Yesterday, I forgot my straps and got an opened callus on my hand during wide grip pull-ups. Some guy in the gym gave me an elastic band and I continued exercising, though weights were a bit less (mainly because of not having straps, on lat pull-down, bent over row etc). Earlier when I wasn't going to gym I didn't use straps for pull-ups and didn't have problems with calluses. Later on when I stated attending gym I found straps useful as they allowed me to use more weight. So, I guess constant use of straps softened the skin on my palms. What is a good practice with straps? Should I sometimes do sets without straps with lesser weight? Also how to treat open calluses and exercise with them? Is wrapping it up with elastic band good enough?

2 Answers 2


My personal philosophy for using straps is to use them when I don't want my grip strength to limit the effect an exercise will have on a muscle group I'm trying to work. If I'm doing Romanian deadlifts, barbell shrugs, barbell rows after deadlifts (conversely, I don't use them on Pendlay rows since I reset the bar between reps), or Kroc rows, I'm more likely to use straps.

However, using straps ultimately needs to coincide with your goals for weight training. Some people won't use straps for anything, so that their grip strength gets worked on anything and acts as a natural limiter of overreaching. On the other hand, using straps is sometimes necessary if you're always trying to lift as much as you can. They are also useful for working around small injuries to your hands (such as jammed fingers, torn calluses, etc).

When it comes to treating a torn callus, treat it like any other kind of open wound. How bad is it? If you tore fresh, healthy skin, I would use an antibiotic ointment and sterile bandage. In the past when I've torn a callus, I lightly bandaged it with a small (~1 square inch) sterile pad of gauze and used athletic tape to keep it in place. Keeping the bar at the proximal interphalangeal joints of the hand (between the first and second finger bones) will help keep the bar from damaging your calluses. Here's a video where Mark Rippetoe discusses callus management.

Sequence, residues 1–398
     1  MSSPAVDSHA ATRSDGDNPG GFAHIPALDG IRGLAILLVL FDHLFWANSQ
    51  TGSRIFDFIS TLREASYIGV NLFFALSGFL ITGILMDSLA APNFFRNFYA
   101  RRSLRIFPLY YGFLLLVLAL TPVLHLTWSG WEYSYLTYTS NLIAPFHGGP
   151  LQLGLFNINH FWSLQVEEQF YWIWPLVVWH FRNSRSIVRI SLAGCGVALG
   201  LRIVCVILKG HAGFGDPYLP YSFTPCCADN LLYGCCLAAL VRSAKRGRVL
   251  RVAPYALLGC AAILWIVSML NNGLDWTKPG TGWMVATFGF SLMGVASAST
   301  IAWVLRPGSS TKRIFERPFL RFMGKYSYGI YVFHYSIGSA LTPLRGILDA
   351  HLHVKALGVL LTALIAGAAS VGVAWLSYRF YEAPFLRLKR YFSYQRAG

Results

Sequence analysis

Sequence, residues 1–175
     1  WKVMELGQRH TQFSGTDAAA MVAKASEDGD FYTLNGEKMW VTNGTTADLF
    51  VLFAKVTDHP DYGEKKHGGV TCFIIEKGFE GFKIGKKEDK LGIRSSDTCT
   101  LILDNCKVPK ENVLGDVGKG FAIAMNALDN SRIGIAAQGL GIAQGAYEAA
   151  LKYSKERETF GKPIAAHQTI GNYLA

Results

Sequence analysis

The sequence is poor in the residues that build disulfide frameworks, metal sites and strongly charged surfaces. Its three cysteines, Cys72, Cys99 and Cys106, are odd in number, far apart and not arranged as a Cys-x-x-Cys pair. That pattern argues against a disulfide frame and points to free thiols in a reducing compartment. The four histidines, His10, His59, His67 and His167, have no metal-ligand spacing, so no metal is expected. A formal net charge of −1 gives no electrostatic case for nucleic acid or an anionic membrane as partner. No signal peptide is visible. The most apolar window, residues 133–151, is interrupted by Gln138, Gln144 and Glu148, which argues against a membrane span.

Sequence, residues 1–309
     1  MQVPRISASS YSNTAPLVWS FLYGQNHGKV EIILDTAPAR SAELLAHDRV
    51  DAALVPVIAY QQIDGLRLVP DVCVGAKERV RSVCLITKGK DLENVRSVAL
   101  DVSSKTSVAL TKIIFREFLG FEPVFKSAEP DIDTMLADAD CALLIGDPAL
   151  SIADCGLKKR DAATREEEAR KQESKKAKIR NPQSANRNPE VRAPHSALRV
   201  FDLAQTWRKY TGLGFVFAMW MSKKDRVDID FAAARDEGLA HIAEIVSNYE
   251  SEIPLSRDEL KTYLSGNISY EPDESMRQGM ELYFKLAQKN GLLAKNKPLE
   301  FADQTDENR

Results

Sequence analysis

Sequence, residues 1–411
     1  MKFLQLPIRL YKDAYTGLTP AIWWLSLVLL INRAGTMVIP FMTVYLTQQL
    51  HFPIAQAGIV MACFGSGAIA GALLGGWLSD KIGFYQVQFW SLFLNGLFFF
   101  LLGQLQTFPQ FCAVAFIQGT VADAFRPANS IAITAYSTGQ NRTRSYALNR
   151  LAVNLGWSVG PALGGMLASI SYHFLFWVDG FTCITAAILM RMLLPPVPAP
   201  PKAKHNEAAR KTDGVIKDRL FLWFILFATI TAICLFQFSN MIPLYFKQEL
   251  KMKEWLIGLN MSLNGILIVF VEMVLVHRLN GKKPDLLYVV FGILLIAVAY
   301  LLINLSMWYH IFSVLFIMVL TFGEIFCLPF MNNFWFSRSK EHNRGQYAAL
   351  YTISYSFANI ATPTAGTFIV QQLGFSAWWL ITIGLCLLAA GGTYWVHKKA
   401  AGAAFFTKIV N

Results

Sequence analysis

I'm in the no-strap no-glove camp. I trained for a while in powerlifting, and if you lift raw you can't use straps.

So I'm of the mindset that a deadlift is how much you can lift, and that includes how much you can hold onto. To that end, once I get up north of my 5RM I'll use a mixed grip. I think if you need help holding onto the bar at 5RM or lower then you probably need to work on your grip, which the deadlift (and weighted pullups) helps a lot.

I did a lot of training for a while with kettlebells, and in particular the snatch can be rough on the hands. With those, the bar is rotating in your grip which pulls on the skin, and the "cardio-esque" nature of kettlebell training means you might be getting sweaty too.

The biggest solution, and I use it on almost every lift, is chalk. Magnesium carbonate is the kind you want, and works to (a) keep your skin dry (b) creates a buffer between the metal and your skin.

I keep my hands dry and chalked when lifting or on gymnastic rings, and have relatively minor calluses and haven't had a rip in years.

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